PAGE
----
The morning after the night before

I switched on the television at ten.  I had intended to look at the exit poll and, assuming it would point to a clear winner, turn in.   My wife stuck to her plan to go to bed, but I stayed up until about 3.30 am – and in an age of Twitter, watching the early hours coverage is a pretty sociable experience. My favourite tweet was ‘if you are feeling nervous, imagine how the foxes are feeling’ – referring to the Conservative manifesto’s surprising promise to restore fox hunting.

It was an unexpected election, and when it was called it appeared to be heading for a landslide, but it has ended with a hung Parliament – an outcome predicted, it seems, only by a mathematical model developed by a polling company which, were I to explain it, would take up my entire word allocation. However you look at the result, it’s not what the Prime Minister who called this early election had expected or predicted, and, as I write this, no-one expects the resulting government to be stable – whilst we face some of the most difficult national decisions for a century.

As Vice-Chancellor of Sheffield Hallam, one the UK’s largest universities, I am delighted that the evidence suggests that the turnout from young people, and especially from students, was strikingly high. Decisions – as Harry Truman may have said – are made by those who turn up. Nick Clegg, who lost the constituency sharing the name of Sheffield Hallam University, gave a moving and thoughtful concession speech. This country, he said, is deeply divided in so many ways, between rich and poor, between Leavers and Remainers, between old and young. We have, he went on, to find ways to heal those divisions or we face the most severe problems as a nation. In previous elections, turnout has largely been inversely related to age – younger people have been less likely to vote. The turnout amongst young people in this election was high.  They understood, not least after the Referendum, that politics matters to them, to their future and to the world which will be theirs. Elections should always be about the future. If this election excited the young, that is an unalloyed positive and – whatever your politics – you should rejoice.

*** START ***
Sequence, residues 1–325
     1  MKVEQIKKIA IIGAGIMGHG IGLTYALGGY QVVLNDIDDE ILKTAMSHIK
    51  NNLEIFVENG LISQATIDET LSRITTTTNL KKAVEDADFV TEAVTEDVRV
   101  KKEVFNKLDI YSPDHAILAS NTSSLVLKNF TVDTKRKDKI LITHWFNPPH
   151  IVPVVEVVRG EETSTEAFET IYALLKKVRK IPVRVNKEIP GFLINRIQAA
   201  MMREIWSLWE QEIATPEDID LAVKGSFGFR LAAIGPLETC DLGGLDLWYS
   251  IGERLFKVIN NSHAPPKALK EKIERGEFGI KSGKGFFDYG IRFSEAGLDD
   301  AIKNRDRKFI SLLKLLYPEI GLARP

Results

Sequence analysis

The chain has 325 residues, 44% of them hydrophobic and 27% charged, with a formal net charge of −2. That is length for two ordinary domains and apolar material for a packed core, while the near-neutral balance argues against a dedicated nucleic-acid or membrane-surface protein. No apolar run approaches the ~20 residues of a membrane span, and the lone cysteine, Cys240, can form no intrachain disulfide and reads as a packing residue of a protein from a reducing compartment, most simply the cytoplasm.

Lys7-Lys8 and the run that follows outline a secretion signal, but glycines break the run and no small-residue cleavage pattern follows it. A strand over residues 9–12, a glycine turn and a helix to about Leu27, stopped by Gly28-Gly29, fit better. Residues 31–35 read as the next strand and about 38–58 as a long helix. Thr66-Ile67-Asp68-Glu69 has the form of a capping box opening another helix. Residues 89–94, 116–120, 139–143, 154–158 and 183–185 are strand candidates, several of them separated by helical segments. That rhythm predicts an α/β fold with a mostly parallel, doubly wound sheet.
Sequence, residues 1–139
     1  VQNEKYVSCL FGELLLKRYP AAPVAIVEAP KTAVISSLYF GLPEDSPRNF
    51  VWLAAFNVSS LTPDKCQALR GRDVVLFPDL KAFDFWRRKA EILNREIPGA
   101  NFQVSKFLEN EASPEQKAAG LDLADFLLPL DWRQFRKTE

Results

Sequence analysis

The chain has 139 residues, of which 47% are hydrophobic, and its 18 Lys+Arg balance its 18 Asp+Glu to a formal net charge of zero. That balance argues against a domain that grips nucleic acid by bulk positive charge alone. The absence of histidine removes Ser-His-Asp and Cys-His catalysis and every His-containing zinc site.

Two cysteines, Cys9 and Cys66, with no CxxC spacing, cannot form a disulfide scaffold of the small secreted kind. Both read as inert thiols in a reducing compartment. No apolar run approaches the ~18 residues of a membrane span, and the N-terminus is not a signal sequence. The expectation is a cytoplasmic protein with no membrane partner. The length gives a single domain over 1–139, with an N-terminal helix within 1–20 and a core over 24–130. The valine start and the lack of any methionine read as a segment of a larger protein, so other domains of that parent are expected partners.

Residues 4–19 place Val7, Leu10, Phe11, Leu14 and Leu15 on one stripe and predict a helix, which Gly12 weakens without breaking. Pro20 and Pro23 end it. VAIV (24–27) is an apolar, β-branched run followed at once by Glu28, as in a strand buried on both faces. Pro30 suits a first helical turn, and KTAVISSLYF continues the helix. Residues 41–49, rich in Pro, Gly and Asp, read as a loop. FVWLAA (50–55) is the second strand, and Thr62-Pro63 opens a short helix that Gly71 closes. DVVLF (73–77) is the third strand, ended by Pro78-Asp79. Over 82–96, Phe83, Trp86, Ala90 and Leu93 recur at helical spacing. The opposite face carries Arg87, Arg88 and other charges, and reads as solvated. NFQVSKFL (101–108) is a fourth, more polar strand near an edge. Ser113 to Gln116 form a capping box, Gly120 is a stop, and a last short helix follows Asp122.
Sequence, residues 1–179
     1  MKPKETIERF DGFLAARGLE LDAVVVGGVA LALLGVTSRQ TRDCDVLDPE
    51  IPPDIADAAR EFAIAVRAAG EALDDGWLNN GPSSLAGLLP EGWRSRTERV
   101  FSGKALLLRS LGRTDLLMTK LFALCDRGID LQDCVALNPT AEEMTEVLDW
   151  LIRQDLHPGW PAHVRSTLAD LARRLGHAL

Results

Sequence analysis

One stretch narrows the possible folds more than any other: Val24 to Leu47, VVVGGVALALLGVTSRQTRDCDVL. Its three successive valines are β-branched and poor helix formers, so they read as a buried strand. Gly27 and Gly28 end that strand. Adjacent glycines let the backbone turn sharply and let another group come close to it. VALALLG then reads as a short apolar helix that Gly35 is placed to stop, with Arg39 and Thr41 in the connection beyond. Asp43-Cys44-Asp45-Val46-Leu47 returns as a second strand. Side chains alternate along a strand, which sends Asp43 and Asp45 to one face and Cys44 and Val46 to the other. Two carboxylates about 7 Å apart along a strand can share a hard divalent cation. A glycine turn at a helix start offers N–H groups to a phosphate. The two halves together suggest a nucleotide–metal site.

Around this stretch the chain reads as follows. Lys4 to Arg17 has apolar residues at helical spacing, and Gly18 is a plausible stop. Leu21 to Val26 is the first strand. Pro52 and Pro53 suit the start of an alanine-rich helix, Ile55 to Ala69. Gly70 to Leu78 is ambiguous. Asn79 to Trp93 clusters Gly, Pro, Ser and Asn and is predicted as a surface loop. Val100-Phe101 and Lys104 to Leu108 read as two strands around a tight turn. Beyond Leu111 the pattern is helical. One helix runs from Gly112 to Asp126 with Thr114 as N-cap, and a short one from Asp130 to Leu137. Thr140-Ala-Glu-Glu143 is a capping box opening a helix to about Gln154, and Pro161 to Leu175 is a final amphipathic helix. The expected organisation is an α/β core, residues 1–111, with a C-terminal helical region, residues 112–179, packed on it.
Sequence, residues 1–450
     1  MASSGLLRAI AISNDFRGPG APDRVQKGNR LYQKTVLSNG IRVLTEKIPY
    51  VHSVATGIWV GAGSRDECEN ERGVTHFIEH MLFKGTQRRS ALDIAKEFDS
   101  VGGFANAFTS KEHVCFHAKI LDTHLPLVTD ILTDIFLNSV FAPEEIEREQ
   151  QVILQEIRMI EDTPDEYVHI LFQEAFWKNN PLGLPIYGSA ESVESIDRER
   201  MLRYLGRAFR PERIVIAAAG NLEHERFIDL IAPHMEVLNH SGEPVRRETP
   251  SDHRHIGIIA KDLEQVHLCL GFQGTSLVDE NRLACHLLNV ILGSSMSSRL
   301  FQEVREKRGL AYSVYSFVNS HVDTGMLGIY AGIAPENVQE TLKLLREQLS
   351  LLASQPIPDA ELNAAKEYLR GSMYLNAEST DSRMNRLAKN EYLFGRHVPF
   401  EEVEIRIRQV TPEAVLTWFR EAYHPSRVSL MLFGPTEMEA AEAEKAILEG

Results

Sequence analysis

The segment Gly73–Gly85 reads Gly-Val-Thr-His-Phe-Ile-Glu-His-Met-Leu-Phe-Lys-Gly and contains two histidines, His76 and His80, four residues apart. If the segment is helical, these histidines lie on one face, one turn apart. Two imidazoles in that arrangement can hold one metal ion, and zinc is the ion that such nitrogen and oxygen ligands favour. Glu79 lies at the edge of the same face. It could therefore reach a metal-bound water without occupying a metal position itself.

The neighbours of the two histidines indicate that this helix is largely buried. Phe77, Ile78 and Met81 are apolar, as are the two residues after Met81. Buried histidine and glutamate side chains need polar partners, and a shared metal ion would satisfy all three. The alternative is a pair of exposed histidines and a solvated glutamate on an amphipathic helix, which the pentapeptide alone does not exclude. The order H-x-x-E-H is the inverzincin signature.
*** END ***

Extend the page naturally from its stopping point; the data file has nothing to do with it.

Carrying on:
The youth vote is thought to have been strikingly high (Photo by Adam Scotti / CC-BY-2.0. Available at: